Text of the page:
Consequences of intradialytic hypotension can range from cramping and post-dialysis fatigue to bowel ischemia, cardiovascular events, stroke, and access thrombosis. Intradialytic hypotension may reduce our ability to provide adequate dialysis when stopped in the early stage at the patient’s request. 9

Tatsuya Shoji et al suggested that orthostatic hypotension after hemodialysis and intradialytic hypotension are independent factors, increasing hemodialysis patients’ mortality. 10

Speckle Tracking Echocardiography (STE) could reveal any alteration in systolic function. 11

Among those cases of chronic renal failure with normal left ventricule systolic function, 2-dimensional speckle tracking is a growing modality to identify the subtle change of a cardiac function. 12,13

The present study evaluates whether patients with intradialytic hypotension and patients without hypotension during dialysis differ in the cardiac function assessed by transthoracic echocardiography with strain modality.


Materials and Methods

Patients

This cross-sectional study was conducted in Imam Reza and Ghaem Hospitals in Mashhad from April 2018 to February 2019. All participants signed written informed consent.

This study included 60 patients with chronic kidney disease on regular hemodialysis. Hemodialysis was done three times per week with high flux. All patients have KT/V > 1.1.

Exclusion criteria included acute renal failure, acute coronary syndrome, cerebral ischemic or hemorrhagic infarct within three months, conduction disturbance, pericardial disease, at least moderate valvular heart disease, malignancy, chronic obstructive pulmonary disease (COPD), any uncontrolled metabolic or infectious disease, and low echocardiographic image quality.

Thirty patients were in the intradialytic hypotension group, and the remaining 30 patients were in the control group without hypotension during hemodialysis.

The method of sampling in our study was a convenience method based on inclusion criteria.

Blood pressure is recorded every 30 minutes in the supine position during hemodialysis.

Intradialytic hypotension is a reduction in systolic BP ≥20 mm Hg or a reduction in mean arterial pressure by 10 mm Hg, along with clinical incidents and the necessity for correction.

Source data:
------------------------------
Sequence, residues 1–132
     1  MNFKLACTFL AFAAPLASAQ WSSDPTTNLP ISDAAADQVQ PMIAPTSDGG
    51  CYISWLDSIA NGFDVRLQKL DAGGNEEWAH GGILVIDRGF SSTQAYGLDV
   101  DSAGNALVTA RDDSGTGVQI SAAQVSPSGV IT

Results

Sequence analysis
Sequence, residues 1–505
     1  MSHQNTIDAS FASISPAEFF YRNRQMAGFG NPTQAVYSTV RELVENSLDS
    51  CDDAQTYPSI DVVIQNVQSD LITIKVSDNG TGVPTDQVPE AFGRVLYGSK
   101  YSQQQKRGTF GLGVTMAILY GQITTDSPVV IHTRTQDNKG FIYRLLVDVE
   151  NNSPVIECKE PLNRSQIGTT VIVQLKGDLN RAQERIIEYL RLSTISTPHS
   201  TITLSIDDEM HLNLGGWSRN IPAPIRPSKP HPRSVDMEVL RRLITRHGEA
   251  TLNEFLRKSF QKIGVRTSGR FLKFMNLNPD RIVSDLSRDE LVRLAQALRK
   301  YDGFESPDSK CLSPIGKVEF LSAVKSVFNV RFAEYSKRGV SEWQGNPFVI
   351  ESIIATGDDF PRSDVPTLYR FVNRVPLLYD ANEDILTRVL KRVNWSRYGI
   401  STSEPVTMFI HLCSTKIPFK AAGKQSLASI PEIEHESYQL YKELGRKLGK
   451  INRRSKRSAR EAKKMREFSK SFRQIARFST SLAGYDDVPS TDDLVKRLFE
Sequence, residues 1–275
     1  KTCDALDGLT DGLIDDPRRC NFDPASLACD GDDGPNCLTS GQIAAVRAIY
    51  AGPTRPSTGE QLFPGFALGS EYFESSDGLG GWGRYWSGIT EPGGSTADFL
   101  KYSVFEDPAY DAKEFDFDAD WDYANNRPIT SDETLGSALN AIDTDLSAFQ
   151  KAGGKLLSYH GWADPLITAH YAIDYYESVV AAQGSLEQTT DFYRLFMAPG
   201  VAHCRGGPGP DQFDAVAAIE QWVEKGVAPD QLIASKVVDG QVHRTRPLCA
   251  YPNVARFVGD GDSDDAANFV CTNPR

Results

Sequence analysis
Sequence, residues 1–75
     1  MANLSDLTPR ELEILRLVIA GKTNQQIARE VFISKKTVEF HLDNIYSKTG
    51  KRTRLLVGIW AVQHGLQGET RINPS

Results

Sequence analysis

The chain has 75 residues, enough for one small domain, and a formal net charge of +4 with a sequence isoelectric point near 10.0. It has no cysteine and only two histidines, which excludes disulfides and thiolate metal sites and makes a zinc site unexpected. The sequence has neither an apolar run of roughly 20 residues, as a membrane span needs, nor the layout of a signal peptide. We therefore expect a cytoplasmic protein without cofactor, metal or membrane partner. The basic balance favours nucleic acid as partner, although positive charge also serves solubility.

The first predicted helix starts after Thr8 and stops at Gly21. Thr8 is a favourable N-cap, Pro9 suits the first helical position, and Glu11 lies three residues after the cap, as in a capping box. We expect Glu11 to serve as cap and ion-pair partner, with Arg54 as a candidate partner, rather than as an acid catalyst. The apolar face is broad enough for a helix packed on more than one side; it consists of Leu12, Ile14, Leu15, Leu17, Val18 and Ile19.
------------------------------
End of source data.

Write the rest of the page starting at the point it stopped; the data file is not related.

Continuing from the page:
Conventional echocardiography

Transthoracic echocardiography was done before hemodialysis, using Siemens ACUSON SC2000 Ultrasound System with 4v1c Transducer (Frequency Bandwidth: 1.25 – 4.5 MHz).

We evaluated Left ventricle end diastolic volume index (LVEDV index;cc/m2),Left atrium volume index (LAVI; cc/m2), mid diameter of right ventricle (mid RV; cm), systolic pulmonary artery pressure (PAP; mm Hg), early diastolic mitral inflow velocity(E ;cm/sec), late diastolic mitral inflow velocity(A;cm/sec), early diastolic mitral annulus velocity (e’velocity; cm/sec), Mitral E/e’ ratio, left Ventricle ejection fraction (LVEF;%) and left ventricule global longitudinal strain (GLS ;%).

We measured LV end-diastolic and systolic volume index, LVEF (by biplane Simpson’s method), and right ventricular size (using the mid-diameter of RV in RV-focused view) based on the latest guideline of American Society of Echocardiography (ASE). 14

LA volume index was measured by using a biplane disk summation technique. The upper limit of normal for the LA volume index is 34 mL/m2in both genders. 14

For LV diastolic function, peak E and A-wave velocities, e’ velocity, and E/e’ ratio were assessed according to a recommendation of ASE. 15,16

Velocity Vector Imaging (VVI)

Strain,as a myocardial deformation index,is an echocardiographic parameter measured throughout the cardiac cycle, using standard B-mode images for speckle tracking analysis(STE). 17,18

In 2-dimensional STE, Global Longitudinal Strain (GLS) is the ratio of the maximal longitudinal systolic change in the length of myocardium into its initial size. In systolic phase, the longitudinal length of the myocardium decrease,resulting in GLS defined as negative values, with more negative values meaning as better LV systolic function. 19

VVI is a new echocardiographic modality, merging speckle tracking with endocardial border detection. VVI is also angle independent like STE, but seems to be simpler with more rapid tracking and processing times. 17,20 It needs just a single frame tracing of the endocardial border for extracting the quantitative data. 21

Three apical views (apical four-chamber, two-chamber, and long-axis views), are needed for VVI analysis of LV, with GLS calculated as the average of strain in all myocardial segments. shows a strain analysis of LV for evaluation of GLS. Measurements begin with the apical long-axis view to define the time of aortic valve closure. 14